What Actually Happens To Your Heart When You Don't Exercise

It's been weeks, maybe months, or — eek! — possibly years since you've broken a sweat exercising. Undoubtedly, you've noticed some effects of being sedentary, particularly the longer you've been inactive: getting easily winded climbing a flight of stairs after just two weeks of inactivity, or noticing a thicker waistline and increased body weight about six weeks after stopping exercise (per Health). And it just gets worse from there.

Those are all easily noticeable effects. But what about the things that are happening invisibly in your body due to lack of exercise? Literally at the heart of the matter is your heart. It's directly affected by a lack of aerobic activity, but even scarier, it may not reveal those effects for quite some time, according to ABC News, and possibly only when a dramatic heart-related event gets your attention in the worst way.

You may know that the number one cause of death in women is heart disease. But if you're in your 20s or 30s, you may not think too much about the risk being sedentary has on your heart. Consider exercise as an investment for later on. For every hour of regular exercise you get, you gain about two hours of additional life, according to Go Red for Women. That's a pretty good deal!

Not exercising increases your risk of heart disease

So what happens to your heart when you're leading a couch potato lifestyle? Since it's a muscle — one that has to be strong to pump blood efficiently throughout the body — it needs to be used regularly or it will weaken and atrophy (per Healthline). Without being strengthened by exercise, it has to strain to keep blood circulating. The constant stress can cause the heart to enlarge, possibly leading to eventual heart failure (per the Scottish Collaboration for Public Health Research & Policy).

Inactivity, particularly when paired with a poor diet, also causes plaques to form in the arteries. Plaque is an accumulation of fatty materials and dead white blood cells (sent by the body to try to fight the plaque buildup) and as it deposits on the artery walls, it leaves less space for blood to be pumped through. These plaques may eventually break off into blood clots that can cause a heart attack or stroke.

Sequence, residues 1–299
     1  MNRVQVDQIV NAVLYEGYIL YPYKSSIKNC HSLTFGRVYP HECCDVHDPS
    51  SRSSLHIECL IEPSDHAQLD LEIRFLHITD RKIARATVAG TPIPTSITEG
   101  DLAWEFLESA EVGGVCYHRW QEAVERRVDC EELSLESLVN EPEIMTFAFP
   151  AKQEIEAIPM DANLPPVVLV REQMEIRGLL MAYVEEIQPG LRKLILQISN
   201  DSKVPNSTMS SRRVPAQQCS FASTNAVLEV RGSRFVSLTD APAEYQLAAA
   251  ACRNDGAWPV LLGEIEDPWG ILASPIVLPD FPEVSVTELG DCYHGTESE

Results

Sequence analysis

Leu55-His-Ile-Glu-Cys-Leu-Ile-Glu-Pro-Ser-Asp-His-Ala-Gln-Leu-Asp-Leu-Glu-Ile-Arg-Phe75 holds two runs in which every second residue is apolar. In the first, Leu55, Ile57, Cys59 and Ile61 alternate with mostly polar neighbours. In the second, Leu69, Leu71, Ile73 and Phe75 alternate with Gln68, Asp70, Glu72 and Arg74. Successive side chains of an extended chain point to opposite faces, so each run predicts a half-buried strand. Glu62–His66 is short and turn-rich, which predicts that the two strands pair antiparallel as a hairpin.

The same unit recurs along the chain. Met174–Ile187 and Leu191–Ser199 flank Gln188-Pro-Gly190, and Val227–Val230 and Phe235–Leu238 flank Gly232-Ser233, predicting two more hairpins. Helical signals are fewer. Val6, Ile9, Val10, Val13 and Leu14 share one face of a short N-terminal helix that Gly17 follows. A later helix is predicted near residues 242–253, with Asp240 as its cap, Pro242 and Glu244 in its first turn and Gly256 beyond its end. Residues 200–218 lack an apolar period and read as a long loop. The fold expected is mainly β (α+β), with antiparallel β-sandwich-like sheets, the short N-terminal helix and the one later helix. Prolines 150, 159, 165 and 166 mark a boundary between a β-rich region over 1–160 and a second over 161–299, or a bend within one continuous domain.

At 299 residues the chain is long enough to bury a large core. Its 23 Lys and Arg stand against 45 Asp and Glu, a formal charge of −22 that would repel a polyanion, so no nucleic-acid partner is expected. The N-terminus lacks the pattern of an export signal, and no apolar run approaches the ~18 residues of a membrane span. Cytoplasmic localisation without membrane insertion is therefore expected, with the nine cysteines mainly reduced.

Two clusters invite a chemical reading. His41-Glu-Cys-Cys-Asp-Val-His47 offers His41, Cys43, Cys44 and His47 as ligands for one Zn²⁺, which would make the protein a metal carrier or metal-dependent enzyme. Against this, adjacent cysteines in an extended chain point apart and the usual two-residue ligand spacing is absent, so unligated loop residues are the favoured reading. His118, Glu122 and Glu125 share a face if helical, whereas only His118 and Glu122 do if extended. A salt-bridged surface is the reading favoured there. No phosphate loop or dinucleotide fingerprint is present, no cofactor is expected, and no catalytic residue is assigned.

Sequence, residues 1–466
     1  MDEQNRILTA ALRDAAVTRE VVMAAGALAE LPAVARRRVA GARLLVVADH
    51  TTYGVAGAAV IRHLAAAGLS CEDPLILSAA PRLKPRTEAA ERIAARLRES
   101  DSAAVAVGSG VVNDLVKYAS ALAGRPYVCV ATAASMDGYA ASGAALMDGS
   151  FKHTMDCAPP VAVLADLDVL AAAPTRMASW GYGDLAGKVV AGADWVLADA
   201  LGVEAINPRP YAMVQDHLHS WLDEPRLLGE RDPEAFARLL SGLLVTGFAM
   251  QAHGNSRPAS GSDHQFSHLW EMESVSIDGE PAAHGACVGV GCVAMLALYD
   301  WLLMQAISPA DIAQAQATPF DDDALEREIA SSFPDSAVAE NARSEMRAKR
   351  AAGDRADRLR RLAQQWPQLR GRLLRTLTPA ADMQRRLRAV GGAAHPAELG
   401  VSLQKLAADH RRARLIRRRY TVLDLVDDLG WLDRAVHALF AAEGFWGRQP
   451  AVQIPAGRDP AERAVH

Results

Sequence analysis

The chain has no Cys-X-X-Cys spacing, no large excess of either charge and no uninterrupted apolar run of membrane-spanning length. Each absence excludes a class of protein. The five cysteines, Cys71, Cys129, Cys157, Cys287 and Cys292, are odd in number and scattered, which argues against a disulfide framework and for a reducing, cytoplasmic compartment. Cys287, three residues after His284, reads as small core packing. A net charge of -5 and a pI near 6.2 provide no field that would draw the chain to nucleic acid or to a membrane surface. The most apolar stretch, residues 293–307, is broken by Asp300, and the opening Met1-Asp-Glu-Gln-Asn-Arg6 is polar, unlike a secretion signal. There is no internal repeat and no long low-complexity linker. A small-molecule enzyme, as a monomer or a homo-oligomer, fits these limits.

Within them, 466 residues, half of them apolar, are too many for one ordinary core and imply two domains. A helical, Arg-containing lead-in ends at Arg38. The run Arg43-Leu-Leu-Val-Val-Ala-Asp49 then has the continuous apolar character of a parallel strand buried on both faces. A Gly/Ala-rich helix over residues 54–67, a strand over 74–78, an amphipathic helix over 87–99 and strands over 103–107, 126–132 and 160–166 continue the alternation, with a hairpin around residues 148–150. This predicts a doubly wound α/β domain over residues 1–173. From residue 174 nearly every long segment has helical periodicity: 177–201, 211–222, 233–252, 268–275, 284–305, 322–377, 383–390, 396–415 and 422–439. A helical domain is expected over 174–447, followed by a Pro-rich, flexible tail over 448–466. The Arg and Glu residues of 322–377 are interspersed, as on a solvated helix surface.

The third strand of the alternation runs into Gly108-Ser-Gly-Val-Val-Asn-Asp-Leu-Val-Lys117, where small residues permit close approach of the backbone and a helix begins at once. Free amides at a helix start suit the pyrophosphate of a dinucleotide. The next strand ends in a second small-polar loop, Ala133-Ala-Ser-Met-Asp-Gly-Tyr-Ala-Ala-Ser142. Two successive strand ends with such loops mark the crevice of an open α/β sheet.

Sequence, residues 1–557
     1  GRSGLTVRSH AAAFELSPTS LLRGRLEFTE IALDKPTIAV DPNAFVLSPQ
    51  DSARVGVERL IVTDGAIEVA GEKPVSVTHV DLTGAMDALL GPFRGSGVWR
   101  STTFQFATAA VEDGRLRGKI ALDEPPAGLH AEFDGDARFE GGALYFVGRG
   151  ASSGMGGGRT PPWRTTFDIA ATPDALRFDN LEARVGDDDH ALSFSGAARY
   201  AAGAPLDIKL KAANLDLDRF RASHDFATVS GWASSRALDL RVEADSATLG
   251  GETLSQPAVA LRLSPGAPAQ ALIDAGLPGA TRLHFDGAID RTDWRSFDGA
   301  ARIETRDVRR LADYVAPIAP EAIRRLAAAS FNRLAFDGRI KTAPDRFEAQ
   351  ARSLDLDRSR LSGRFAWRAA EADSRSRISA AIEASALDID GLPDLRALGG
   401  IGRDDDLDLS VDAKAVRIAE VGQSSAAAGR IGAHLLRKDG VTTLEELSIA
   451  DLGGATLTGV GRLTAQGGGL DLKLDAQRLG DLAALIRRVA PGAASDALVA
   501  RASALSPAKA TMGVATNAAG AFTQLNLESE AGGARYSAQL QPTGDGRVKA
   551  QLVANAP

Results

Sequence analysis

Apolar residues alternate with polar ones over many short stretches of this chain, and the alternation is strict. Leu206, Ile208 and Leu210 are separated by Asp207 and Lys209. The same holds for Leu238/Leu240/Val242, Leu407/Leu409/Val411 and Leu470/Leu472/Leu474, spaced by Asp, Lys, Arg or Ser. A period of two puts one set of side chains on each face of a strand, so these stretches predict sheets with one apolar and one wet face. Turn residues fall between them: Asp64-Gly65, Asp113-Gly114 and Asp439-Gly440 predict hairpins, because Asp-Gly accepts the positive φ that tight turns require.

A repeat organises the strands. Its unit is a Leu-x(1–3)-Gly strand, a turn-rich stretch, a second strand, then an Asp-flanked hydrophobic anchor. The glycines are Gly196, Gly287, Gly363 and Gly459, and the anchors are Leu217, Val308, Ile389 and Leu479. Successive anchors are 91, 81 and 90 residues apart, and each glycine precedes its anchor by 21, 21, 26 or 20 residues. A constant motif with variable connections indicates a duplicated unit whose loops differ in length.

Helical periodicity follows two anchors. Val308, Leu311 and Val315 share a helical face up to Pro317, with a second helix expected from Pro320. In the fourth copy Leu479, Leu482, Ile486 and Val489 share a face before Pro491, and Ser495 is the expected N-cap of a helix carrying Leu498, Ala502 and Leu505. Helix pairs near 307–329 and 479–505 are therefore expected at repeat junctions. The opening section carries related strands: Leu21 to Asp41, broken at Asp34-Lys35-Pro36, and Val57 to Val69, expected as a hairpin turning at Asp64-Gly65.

On top of that, as we age, our arteries lose their elasticity. The stiffer the walls of the arteries, the harder the heart has to work to pump blood throughout the body. The good news, according to one study, is that participating in regular exercise can decrease the rate at which arteries stiffen with age — about 50 percent among the most active participants. Another study showed that three months of consistent aerobic exercise actually reversed arterial stiffening in middle-aged, previously inactive participants.

Heart-healthy effects of exercise

Before you start exercising, see your doctor to make sure you're good to go. The American Heart Association recommends an adult get at least 150 minutes per week of moderate-intensity aerobic activity or 75 minutes per week of vigorous aerobic activity, or a combination of both, preferably spread over seven days. For greater benefits, add a muscle-strengthening activity on at least two days. Regular exercise improves factors related to your heart's health, such as blood pressure, cholesterol levels, and blood sugar regulation (per Harvard Health Publishing). It also makes positive physiological changes in the heart itself, including helping the arteries dilate more easily. Finally, it helps regulate the sympathetic nervous system, which controls heart rate and blood pressure.

If these activity recommendations seem to be too much for you, you'll be happy to know that even one session of exercise — yes one! — may protect your heart through a process called ischemic, or exercise, preconditioning, according to a review published in JAMA Cardiology. The review of numerous animal and human studies concludes that a single bout of exercise induces an immediate protective effect on the heart for two to three hours, and then produces a stronger cardioprotective effect 24 hours later that lasts for several days. Moreover, animal studies suggest that if a heart attack occurs later on, ischemic preconditioning may reduce its damage up to 50 percent. But, hey, if just one exercise session produces such good heart-healthy results, imagine what continued exercise will do. Hint, hint.